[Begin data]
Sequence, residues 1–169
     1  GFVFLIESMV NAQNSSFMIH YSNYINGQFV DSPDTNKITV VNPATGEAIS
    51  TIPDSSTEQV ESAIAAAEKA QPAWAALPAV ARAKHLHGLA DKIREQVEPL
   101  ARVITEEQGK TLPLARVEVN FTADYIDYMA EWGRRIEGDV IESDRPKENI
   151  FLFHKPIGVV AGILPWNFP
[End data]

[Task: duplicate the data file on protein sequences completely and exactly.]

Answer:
Sequence, residues 1–169
     1  GFVFLIESMV NAQNSSFMIH YSNYINGQFV DSPDTNKITV VNPATGEAIS
    51  TIPDSSTEQV ESAIAAAEKA QPAWAALPAV ARAKHLHGLA DKIREQVEPL
   101  ARVITEEQGK TLPLARVEVN FTADYIDYMA EWGRRIEGDV IESDRPKENI
   151  FLFHKPIGVV AGILPWNFP